Golden Toast blended well and reminded me a bit of book binding.  For my first cover I kept to the woven lining shown above but on the second you can see below that I embraced the holes and indents created from the needle as adding more texture. Another difference is that I left out the batting, used two of the three thread colors on the front and didn't line the backing, a green faux leather.

For the snap of the first cover I had to use the stitch on style because if was an afterthought and I'd already turned and closed up my seams.  An advantage of doing another version was that I could use the prong style snap and I like the way the pearl shows off in the back.  

The 8 wt thread was surprisingly easy to work with even through multiple layers.  Although I did try using a doubled strand of Loden Green, I preferred the look of a single strand for this project.  The weight is so nicely visible that it works well in a more minimalistic design. I'm definitely a big fan and look forward to using the other colors in the future.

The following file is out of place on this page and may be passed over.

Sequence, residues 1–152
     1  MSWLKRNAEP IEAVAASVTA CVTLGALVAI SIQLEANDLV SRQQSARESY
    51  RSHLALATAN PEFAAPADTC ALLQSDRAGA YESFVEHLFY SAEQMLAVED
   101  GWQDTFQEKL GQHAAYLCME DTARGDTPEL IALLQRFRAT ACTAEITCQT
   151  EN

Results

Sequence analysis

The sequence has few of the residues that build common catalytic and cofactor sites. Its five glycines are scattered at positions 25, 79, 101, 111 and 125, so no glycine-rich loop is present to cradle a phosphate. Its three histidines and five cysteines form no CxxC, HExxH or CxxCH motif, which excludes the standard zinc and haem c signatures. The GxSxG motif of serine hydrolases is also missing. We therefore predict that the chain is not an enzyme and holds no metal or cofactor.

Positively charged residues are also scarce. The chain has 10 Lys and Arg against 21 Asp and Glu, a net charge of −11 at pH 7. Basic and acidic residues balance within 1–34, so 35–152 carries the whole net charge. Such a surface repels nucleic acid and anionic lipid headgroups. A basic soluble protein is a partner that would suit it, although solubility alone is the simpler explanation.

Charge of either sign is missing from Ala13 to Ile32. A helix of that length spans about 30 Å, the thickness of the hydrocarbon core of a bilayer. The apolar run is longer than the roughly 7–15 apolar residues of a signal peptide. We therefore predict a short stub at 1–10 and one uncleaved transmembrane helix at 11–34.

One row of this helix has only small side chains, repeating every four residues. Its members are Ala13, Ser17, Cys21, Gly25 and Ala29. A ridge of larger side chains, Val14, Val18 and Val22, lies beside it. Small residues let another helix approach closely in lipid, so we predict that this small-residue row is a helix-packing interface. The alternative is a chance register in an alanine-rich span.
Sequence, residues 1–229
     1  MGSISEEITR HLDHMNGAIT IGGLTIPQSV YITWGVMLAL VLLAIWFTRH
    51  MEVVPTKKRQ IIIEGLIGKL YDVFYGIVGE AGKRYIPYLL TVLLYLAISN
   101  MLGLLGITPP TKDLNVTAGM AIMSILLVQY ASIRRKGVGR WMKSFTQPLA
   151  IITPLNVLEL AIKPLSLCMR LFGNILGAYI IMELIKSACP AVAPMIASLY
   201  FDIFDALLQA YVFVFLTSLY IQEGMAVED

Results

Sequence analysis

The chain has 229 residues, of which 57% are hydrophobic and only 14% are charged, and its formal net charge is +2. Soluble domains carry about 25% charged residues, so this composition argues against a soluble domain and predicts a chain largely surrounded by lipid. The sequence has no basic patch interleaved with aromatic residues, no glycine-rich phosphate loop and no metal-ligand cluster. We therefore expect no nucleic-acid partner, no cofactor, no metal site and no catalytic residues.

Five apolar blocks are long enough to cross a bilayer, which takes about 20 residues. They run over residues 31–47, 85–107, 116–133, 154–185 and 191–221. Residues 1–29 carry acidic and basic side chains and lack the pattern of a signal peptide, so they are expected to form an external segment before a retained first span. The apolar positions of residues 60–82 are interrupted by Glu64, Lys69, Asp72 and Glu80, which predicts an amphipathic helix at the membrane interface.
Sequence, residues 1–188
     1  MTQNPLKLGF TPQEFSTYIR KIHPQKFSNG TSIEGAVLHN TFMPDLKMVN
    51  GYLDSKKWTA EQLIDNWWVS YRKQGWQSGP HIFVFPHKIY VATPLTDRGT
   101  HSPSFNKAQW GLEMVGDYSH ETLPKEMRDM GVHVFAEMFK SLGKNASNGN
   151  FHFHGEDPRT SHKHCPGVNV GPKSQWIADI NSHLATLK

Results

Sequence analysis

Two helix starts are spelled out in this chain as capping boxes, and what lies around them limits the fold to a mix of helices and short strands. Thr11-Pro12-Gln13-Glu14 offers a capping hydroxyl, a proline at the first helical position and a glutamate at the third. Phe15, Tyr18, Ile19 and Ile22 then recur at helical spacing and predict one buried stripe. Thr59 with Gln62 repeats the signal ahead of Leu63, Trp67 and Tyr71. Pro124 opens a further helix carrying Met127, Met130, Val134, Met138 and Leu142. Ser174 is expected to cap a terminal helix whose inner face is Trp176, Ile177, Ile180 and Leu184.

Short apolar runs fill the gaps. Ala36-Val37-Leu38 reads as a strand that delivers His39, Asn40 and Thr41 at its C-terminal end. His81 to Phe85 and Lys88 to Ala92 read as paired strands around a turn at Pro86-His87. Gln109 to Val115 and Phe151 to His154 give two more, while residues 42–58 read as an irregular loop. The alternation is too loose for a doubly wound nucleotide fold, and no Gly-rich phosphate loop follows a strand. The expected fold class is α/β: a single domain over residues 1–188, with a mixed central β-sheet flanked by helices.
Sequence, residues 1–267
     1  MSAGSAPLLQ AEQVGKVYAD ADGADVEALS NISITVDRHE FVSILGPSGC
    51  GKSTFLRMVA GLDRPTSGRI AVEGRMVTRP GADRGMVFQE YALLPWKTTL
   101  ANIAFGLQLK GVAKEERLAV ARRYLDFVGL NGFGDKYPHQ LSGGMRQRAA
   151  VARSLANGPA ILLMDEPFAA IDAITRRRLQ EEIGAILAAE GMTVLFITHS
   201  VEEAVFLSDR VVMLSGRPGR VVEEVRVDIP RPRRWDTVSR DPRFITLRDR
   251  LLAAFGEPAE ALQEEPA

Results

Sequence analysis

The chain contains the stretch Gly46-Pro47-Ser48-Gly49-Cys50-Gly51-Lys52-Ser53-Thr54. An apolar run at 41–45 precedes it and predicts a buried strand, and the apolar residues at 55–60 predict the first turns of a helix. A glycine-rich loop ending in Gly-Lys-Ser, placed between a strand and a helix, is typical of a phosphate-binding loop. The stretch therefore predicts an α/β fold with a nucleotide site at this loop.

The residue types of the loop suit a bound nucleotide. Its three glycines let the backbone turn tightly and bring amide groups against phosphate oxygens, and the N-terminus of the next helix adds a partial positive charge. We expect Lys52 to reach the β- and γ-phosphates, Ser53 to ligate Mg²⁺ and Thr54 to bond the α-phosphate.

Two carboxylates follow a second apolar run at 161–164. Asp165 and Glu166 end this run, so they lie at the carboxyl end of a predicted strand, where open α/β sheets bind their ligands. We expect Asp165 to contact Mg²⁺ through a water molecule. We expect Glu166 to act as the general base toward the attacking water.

Friday, December 22, 2023

Beginner Friendly Quilted Bucket Tutorial

For our December Aurifil Artisan challenge I chose to make a couple of quilted buckets. Having sewn similar from thread catcher patterns and online tutorials, my goal was to end up with ones that served the same purpose and were visually pleasing but constructed with simplified steps - omitting my dreaded tasks and adding in my most favorites. 

The quilting itself can be elaborate like the blue example, straight line stitching like the floral or anything else the maker feels comfortable doing.   Because the fabric bucket can be used for whatever you want - the measurements are only a guideline.  You can use any rectangle size you prefer.